The value of Data Visualizations
Humans and visualizations
Humans are visual creatures and absorb information easier with the help of visual representations in order to better learn and understand concepts as well as to interpret data. Nowadays, the amount of data collected in every domain is growing rapidly. The analysis of this vast amount of data in their plain form, from which one can try to detect relationships, anomalies and inefficiencies hidden in patterns, and in general gain valuable knowledge would be tremendously time-consuming and probably ineffective without the advantage of using visualizations. Data visualizations combine a variety of charts, graphs, and illustrations with reading text to depict information, as well as curate and accurately represent complex data. The main purpose of visualizations is to help the storytelling, removing noise and highlighting useful information, and to assist the viewer to comprehend information, examine the data, derive conclusions, and make decisions.
How to visualize data?
Due to the overwhelming velocity and volume of incoming data streams, there are many cases in which a visual layer of abstraction  is needed to assist in data comprehension and decision-making processes. Consider that not every kind of visualizations fits every data type, so in order for data to be effectively and correctly interpreted, choosing the appropriate visualizations plays a great role. What may be considered as appropriate types of visualizations depends on many different variables, such as the nature and the amount of the data, the objectives of the analysis and the expertise of the user. In most cases, it is the linkages among data that convey information and not the data itself. Balancing between form and function sets a group of visualization techniques effective. We need to consider that balancing the peculiarities and differences of the data along with the prospects that each technique holds in order to reach the best representation, has its own challenges. Hence, an effective visualization could prove to be key in understanding and getting the most out of the data available and by extend to the facilitation of the decision-making process. However, the opposite could happen too, since there are many scenarios that wrong user selections might lead to interfaces that are merely adequate or ineffective if they do nοt use the optimal visualizations.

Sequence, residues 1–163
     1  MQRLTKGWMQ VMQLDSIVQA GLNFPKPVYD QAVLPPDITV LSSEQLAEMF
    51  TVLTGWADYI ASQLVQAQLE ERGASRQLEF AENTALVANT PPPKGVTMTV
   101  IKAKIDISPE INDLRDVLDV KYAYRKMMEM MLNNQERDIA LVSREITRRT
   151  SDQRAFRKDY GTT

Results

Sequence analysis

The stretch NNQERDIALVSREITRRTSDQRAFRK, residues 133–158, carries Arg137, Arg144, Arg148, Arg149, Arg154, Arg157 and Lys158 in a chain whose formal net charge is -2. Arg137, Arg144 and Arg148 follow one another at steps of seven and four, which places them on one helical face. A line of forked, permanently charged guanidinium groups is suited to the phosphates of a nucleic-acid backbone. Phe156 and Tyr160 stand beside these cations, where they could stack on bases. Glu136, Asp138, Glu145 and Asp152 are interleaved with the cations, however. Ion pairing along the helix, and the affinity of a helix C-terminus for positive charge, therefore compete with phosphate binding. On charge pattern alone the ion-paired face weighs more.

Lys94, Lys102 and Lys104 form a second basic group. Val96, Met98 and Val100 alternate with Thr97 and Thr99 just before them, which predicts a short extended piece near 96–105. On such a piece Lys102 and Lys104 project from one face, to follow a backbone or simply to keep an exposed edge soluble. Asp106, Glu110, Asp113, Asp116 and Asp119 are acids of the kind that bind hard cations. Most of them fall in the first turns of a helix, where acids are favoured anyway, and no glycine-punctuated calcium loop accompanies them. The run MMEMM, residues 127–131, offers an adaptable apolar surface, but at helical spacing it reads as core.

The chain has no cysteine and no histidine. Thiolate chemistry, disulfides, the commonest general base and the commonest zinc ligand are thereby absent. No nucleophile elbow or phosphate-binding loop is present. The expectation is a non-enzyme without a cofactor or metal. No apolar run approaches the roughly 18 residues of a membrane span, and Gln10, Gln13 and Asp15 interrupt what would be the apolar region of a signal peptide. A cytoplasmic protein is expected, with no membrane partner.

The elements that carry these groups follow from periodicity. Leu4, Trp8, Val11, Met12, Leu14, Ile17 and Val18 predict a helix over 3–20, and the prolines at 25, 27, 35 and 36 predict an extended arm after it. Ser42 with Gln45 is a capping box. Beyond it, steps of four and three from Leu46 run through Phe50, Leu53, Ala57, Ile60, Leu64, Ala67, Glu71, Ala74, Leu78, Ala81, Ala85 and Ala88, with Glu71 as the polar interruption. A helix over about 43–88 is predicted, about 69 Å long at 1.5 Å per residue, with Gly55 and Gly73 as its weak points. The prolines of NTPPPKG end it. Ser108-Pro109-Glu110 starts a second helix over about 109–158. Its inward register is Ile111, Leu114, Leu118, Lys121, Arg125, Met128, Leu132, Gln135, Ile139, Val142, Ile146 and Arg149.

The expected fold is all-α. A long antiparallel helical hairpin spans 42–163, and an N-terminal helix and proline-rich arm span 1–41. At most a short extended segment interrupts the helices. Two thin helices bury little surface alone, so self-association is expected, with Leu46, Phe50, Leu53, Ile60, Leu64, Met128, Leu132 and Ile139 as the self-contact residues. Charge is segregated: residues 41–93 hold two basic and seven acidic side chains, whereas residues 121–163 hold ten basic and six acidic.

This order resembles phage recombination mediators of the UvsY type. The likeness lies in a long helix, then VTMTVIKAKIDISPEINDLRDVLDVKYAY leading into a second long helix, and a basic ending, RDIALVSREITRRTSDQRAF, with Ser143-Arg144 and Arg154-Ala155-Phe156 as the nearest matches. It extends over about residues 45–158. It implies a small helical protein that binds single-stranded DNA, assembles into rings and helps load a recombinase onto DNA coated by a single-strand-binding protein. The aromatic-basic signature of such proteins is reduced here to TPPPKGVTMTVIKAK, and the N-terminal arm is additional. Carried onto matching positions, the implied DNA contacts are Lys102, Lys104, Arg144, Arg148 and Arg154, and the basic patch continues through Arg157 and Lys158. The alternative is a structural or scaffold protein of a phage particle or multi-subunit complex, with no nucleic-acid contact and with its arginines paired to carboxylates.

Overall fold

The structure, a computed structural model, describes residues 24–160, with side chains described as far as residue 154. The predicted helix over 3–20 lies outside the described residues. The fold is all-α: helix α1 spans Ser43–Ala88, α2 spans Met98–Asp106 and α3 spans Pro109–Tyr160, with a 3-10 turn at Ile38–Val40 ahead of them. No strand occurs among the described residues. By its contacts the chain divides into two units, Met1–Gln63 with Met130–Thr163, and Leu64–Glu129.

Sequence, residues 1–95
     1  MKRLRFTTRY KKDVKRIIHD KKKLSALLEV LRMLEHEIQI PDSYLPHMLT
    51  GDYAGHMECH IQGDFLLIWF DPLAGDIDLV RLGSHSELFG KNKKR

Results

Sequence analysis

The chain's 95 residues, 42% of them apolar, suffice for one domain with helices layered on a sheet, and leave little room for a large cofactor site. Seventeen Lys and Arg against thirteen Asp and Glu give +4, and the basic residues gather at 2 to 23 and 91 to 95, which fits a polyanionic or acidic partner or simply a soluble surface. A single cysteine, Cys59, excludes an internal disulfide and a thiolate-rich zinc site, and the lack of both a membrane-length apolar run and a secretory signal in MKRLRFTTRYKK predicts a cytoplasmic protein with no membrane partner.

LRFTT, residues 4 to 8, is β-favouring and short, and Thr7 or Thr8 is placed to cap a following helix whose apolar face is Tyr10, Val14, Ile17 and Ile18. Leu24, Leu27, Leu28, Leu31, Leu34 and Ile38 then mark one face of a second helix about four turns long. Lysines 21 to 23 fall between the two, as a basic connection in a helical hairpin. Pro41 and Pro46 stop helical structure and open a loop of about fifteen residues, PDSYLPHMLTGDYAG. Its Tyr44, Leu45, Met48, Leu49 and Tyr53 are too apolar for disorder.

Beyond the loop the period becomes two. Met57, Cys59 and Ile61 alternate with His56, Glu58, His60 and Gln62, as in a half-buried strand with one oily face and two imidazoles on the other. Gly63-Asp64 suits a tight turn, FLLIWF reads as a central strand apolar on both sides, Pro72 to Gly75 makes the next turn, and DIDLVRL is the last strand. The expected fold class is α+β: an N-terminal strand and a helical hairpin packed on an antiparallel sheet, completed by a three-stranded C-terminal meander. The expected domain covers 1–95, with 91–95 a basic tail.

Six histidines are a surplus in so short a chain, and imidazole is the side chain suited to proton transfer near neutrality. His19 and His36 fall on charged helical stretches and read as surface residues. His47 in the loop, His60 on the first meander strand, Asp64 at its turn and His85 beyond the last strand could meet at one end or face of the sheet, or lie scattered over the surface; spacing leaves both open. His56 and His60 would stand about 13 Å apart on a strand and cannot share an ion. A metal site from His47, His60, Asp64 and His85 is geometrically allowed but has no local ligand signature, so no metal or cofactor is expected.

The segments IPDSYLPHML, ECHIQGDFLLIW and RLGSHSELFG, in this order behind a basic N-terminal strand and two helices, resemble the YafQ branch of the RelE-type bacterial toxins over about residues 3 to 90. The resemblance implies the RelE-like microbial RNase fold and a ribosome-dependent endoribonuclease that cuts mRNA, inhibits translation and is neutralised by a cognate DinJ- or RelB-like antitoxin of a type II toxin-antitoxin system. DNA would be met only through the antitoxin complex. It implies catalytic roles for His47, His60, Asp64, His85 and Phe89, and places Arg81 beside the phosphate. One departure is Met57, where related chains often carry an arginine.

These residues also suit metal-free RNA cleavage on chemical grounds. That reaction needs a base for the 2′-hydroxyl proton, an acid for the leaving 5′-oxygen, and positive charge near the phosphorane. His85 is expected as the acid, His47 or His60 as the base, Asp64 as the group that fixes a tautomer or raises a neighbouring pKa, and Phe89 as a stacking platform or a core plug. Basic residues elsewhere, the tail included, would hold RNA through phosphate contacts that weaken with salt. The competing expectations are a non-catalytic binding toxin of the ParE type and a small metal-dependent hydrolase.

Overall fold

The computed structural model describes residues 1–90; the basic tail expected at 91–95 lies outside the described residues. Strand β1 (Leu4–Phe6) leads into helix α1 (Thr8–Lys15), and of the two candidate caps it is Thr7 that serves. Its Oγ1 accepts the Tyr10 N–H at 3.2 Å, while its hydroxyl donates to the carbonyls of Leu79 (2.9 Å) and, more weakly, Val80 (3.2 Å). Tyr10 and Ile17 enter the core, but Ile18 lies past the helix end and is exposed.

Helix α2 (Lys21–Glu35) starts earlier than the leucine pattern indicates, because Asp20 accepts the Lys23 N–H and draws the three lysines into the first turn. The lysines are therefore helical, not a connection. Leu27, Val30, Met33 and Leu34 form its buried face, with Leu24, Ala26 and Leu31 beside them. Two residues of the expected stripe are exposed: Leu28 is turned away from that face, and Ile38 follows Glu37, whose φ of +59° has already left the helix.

In the figure above, we see how the same data can be presented in different ways and the effectiveness each different technique may have in conveying the insights. Pie charts are one of the most overused graphs and in most cases are not the best way to represent data. In this example using similar colors and having too many slices that can be difficult to read and distinct are setting limitations that can be alleviated with the use of a bar chart. The use of an appropriate color palette and a bar chart allows the viewer to effortlessly distinguish and compare the values of each bar instead of taking time and effort to process the pie chart.